Herbicides and the management of field boundary vegetation.
Field margins can be important areas for wildlife conservation on arable farmland, but if badly managed can also be problem areas for crop production. They may incorporate a number of features, but these fall into two main areas, the crop edge (often referred to as 'headland') and the field boundary (which may include hedge, fence, wall, grass bank, ditch or various combinations of these). There may also be a buffer area between these two main components, referred to as the 'boundary strip' (Greaves & Marshall, 1987).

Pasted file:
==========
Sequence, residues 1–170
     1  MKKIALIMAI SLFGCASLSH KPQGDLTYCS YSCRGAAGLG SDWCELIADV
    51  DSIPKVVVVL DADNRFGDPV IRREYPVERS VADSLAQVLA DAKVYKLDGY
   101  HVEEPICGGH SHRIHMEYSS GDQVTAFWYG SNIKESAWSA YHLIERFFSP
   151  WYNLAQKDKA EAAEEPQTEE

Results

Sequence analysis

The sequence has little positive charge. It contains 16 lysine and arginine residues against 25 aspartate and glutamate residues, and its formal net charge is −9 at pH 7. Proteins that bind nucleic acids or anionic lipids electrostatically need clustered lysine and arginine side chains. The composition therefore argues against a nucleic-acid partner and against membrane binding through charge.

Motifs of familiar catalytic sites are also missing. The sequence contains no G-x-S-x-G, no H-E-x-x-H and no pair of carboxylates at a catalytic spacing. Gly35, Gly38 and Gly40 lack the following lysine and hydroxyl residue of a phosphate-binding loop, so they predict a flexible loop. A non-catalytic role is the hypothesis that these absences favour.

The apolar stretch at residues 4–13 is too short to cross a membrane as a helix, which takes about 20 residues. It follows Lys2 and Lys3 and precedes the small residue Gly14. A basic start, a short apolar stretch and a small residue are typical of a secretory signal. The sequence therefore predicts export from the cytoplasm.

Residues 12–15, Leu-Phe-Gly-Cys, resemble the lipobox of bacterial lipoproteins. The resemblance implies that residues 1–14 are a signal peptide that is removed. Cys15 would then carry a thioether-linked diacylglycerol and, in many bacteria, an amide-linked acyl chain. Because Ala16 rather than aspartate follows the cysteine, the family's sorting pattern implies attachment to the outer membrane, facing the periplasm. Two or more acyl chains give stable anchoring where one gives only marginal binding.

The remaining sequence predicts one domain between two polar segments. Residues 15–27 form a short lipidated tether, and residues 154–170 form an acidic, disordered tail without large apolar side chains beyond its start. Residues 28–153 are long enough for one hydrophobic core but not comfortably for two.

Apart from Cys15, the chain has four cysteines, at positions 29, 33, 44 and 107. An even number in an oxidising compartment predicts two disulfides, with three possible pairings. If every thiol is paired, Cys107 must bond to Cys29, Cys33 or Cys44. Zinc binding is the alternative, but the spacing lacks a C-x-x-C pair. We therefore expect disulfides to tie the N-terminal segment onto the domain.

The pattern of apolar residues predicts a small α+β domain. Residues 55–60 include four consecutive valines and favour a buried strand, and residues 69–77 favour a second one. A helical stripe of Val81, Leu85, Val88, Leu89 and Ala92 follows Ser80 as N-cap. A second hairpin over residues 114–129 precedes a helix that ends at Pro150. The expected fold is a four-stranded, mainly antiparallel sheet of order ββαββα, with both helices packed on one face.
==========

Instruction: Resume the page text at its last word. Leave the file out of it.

The management of cereal crop edges in a way which can maximise benefits to wildlife with minimal effects on cropping ('conservation headlands') was the subject of an earlier article in Pesticide Outlook (Sotherton, 1990), and the particular importance of these areas for endangered plants of arable land was described by Wilson (1991). However, the crop edge cannot be considered in isolation from the adjacent field boundary, and sympathetic management of the whole field margin is essential if wildlife benefits are to be maximised and agronomic problems kept to a minimum.